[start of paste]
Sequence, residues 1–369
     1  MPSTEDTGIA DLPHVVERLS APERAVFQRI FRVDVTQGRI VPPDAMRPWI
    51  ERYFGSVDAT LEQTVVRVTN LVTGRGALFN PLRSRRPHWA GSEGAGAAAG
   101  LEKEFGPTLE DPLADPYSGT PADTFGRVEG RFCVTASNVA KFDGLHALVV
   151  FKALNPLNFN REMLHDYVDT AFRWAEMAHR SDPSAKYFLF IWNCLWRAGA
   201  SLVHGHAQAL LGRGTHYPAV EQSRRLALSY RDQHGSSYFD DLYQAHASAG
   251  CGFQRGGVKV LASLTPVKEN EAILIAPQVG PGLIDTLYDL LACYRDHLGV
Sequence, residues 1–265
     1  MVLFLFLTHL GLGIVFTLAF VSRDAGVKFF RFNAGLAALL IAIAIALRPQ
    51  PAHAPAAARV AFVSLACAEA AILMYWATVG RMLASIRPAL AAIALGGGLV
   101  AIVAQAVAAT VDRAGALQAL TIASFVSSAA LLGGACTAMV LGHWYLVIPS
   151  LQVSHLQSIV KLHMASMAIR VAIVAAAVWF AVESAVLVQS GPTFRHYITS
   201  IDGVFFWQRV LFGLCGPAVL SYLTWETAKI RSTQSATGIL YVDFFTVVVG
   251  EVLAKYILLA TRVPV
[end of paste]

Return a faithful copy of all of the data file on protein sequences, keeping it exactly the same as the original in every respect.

Sequence, residues 1–369
     1  MPSTEDTGIA DLPHVVERLS APERAVFQRI FRVDVTQGRI VPPDAMRPWI
    51  ERYFGSVDAT LEQTVVRVTN LVTGRGALFN PLRSRRPHWA GSEGAGAAAG
   101  LEKEFGPTLE DPLADPYSGT PADTFGRVEG RFCVTASNVA KFDGLHALVV
   151  FKALNPLNFN REMLHDYVDT AFRWAEMAHR SDPSAKYFLF IWNCLWRAGA
   201  SLVHGHAQAL LGRGTHYPAV EQSRRLALSY RDQHGSSYFD DLYQAHASAG
   251  CGFQRGGVKV LASLTPVKEN EAILIAPQVG PGLIDTLYDL LACYRDHLGV
Sequence, residues 1–265
     1  MVLFLFLTHL GLGIVFTLAF VSRDAGVKFF RFNAGLAALL IAIAIALRPQ
    51  PAHAPAAARV AFVSLACAEA AILMYWATVG RMLASIRPAL AAIALGGGLV
   101  AIVAQAVAAT VDRAGALQAL TIASFVSSAA LLGGACTAMV LGHWYLVIPS
   151  LQVSHLQSIV KLHMASMAIR VAIVAAAVWF AVESAVLVQS GPTFRHYITS
   201  IDGVFFWQRV LFGLCGPAVL SYLTWETAKI RSTQSATGIL YVDFFTVVVG
   251  EVLAKYILLA TRVPV